The U.S. dollar and the Japanese yen were little changed on Wednesday in Asia as traders remained cautious amid the Brexit uncertainty and trade tensions between the EU and the U.S.
The Japanese yen received some support earlier in the day, fuelled by escalating U.S.-EU trade tensions and the International Monetary Fund’s bearish update on global growth.
The safe-haven currency gave back some of its gain and was last traded at 111.14 against the dollar, down 0.03%.
Reports on Monday said the U.S. and EU could be set to impose tit-for-tat tariffs on each others’ products. The U.S. said it could be slapping tariffs on $11 billion worth of EU goods. In response, the EU said it stands ready to launch countermeasures.
The dispute over government subsidies given to Boeing (NYSE:BA) and European rival Airbus had been tied up in ligation since 2004, but the World Trade Organization in May last year ruled that European subsidies to Airbus were illegal.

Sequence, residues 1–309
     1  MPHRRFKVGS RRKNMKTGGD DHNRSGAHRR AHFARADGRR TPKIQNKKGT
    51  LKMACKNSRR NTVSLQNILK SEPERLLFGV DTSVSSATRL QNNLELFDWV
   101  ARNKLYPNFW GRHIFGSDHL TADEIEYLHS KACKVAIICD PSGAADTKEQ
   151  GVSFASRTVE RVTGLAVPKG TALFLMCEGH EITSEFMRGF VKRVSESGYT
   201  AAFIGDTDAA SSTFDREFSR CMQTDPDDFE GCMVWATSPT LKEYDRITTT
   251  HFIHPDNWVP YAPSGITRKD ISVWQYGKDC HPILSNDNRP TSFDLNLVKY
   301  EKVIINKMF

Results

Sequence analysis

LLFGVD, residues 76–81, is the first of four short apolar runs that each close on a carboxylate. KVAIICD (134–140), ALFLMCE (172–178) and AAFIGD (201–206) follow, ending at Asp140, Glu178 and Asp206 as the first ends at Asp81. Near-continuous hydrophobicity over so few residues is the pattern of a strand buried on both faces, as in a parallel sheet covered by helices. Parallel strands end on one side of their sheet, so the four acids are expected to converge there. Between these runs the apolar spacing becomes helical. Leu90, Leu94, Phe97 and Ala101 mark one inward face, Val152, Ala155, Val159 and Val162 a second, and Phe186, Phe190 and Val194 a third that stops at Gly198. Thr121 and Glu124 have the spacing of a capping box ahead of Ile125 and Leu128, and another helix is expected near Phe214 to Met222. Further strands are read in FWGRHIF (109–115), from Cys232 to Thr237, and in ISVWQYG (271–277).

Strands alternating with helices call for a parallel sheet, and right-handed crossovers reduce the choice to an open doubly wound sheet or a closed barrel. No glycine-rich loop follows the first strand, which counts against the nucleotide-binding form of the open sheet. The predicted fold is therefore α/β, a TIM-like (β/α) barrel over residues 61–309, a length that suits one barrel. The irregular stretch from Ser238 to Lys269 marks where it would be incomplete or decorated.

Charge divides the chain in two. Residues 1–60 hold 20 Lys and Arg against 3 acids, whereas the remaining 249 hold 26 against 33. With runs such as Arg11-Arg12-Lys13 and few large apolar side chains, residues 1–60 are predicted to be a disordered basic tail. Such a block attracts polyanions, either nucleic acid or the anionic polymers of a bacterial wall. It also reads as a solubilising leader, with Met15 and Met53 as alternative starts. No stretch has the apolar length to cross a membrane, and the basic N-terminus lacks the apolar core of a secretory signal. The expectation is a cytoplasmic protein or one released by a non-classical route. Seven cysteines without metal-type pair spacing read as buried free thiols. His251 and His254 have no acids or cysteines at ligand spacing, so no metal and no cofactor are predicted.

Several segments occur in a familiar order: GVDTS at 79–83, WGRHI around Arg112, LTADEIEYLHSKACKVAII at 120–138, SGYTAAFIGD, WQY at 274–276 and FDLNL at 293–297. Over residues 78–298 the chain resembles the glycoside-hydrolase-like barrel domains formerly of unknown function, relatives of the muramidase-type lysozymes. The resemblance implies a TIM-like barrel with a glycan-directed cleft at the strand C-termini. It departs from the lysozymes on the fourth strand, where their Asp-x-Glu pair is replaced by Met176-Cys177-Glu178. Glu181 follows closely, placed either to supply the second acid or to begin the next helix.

Meanwhile, the U.S. dollar index that tracks the greenback against a basket of other currencies was also largely unchanged at 96.637.
Investor sentiment was further dampened today after the IMF cut its 2019 U.S. growth outlook to 2.3% from 2.5% in January and cut its 2019 global growth outlook to 3.3%, the lowest level since the financial crisis.
Looking ahead, investors’ focus will be on a European Central Bank meeting and the release of minutes of the Federal Reserve’s last policy meeting.
On Tuesday, U.K. lawmakers voted ahead of a Brexit summit meeting later in the day to approve Prime Minister Theresa May’s plan to seek to delay Britain’s exit from the European Union to June 30.